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Wednesday, March 4, 2009

A Rep for DC?

I have been sort of following the issue of a real Representative for the District of Columbia in the US House of Representatives, but not closely.  I wondered if it would be Constitutional, but haven't jumped into it.

Today The Hill has a piece on the NRA quietly muscling the House of Representatives to go with the Senate version of the Bill in order to allow language that would amend DC gun policies.  I would read that as conform to Heller.

The Bill would provide for an increase in the membership of the House of Representatives, from 425 to 427.  One seat would go to DC and one would go to the State of Utah.  That was interesting.

The actual size of the House of Representatives is determined by Congress.  Article 1, Section 3, Clause 3 lays it out.  There must be no more than one Representative for every 30,000 people, with each state having at least one.  Today it is one for every 600,000.  Adding Representatives makes the body more unwieldy.  On the other hand, adding Representatives makes them closer to the People, like our State Reps are.

But, the larger issue is the question of if it is even Constitutional to give DC a voting Representative in the US House.  Here is Law Professor Ann Althouse's take:
Shredding the Constitution. It's not just for the Bush administration anymore.
The link in Professor Althouse's post was to a Washington Post story of 27 February on the Senate vote on this issue.

The Wash Post article notes that
The voting-rights bill was the first such measure to pass the Senate since 1978, when Congress approved a constitutional amendment that would have given the District a House representative and two senators.  That amendment failed to win enough support from the states.
That makes it obvious that 30 years ago the People of these United States were not in favor of such an action.  Now we have the US Congress trying an end run. If a constitutional amendment was the proper path 30 years ago, it is the proper path today.

If the Bill passes the next issue will be if this is constitutional.  Going back to the Wash Post,
Opponents of the current bill said it violated the constitutional provision that House representatives should be chosen by the "people of the several states."  Since the District is not a state, its inhabitants don't qualify for representation, they said.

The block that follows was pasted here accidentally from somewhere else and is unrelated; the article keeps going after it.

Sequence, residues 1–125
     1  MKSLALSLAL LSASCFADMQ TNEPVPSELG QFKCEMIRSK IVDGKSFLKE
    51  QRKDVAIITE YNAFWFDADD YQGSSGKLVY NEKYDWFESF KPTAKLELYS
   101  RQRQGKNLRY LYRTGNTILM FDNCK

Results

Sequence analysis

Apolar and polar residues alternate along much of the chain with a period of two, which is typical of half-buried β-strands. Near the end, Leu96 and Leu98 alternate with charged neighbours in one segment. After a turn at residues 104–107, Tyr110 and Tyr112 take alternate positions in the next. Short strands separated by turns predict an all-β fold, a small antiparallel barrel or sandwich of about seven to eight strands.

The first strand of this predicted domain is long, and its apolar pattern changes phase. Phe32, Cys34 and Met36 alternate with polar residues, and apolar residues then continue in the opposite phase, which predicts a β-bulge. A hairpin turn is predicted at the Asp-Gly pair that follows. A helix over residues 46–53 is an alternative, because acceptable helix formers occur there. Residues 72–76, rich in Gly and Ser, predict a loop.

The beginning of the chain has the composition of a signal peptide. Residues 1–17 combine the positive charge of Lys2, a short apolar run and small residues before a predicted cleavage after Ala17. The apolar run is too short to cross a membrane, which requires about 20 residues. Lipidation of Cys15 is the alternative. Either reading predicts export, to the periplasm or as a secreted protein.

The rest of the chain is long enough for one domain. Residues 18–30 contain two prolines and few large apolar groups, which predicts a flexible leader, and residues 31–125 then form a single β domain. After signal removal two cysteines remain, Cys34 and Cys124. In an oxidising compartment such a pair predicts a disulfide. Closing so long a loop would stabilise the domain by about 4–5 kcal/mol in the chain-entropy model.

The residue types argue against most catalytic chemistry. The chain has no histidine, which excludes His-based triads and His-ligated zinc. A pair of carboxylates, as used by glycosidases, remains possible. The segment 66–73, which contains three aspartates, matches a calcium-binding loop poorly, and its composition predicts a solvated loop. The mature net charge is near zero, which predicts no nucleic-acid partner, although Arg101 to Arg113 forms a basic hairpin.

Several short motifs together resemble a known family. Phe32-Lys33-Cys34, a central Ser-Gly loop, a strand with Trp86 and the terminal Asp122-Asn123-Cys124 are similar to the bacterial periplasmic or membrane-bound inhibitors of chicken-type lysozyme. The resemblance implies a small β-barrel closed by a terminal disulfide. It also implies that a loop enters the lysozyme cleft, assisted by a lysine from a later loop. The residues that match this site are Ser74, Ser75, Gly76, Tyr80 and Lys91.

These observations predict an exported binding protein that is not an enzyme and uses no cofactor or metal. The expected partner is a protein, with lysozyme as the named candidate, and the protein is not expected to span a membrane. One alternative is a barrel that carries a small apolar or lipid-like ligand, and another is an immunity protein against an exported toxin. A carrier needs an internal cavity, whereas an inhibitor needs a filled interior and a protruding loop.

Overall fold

"The Constitution is short because its authors wanted it to be clear," said Senate Minority Leader Mitch McConnell (Ky.).  He added: "It could not have been more so" on the issue of House representation.
My own preference for answering the charge of "Taxation Without Representation," as the DC license plates say, would be to end Federal Taxation for legitimate residents of DC.

In the previous paragraph, note the word "legitimate."  I would not include members of Congress.  I would not include people who "maintain a residence," but who spend most of their time elsewhere.  But, the full time residents of DC should go free from Federal Taxes, based upon the fact that they are not allowed to have Senators and a Representative.

The idea of a Federal Tax free space must be treated with care.  One of the things that needs to be guarded against is the aggressive gentrification of DC Southeast.  Pushing long time residents (read Blacks) out to allow people from Maryland and Virginia (read Whites) to move in and take advantage of the tax rule would be wrong.  While, over the long haul, that can't be helped, in the short term, where people could be financially hurt, actions should be taken to ensure that this opportunity is not exploited.  How?  I don't know.  But, I am thinking about it.

Regards  --  Cliff

1 comment:

Craig H said...

The proposal to add 2 Senators for DC was ludicrous, and a proposal to add 1 Representative is only incrementally less so. I'd observe that Congress is organized to represent the citizens of the United States, (not special districts and territories and protectorates), and this is something that shouldn't be altered. DC's special status, however, being completely outside the constitution, would seem more open for discussion.

I would agree we should be open to arrangements that ensure representation for the citizens of DC. I should think it well within their power and discretion to petition for incorporation into one of the contiguous states, where their population could be factored into proper Congressional representation.

However, asking for freebies not enjoyed by other small jurisdictions, like their own private Senatorial delegation, or even incremental additions to the House, is not reasonable.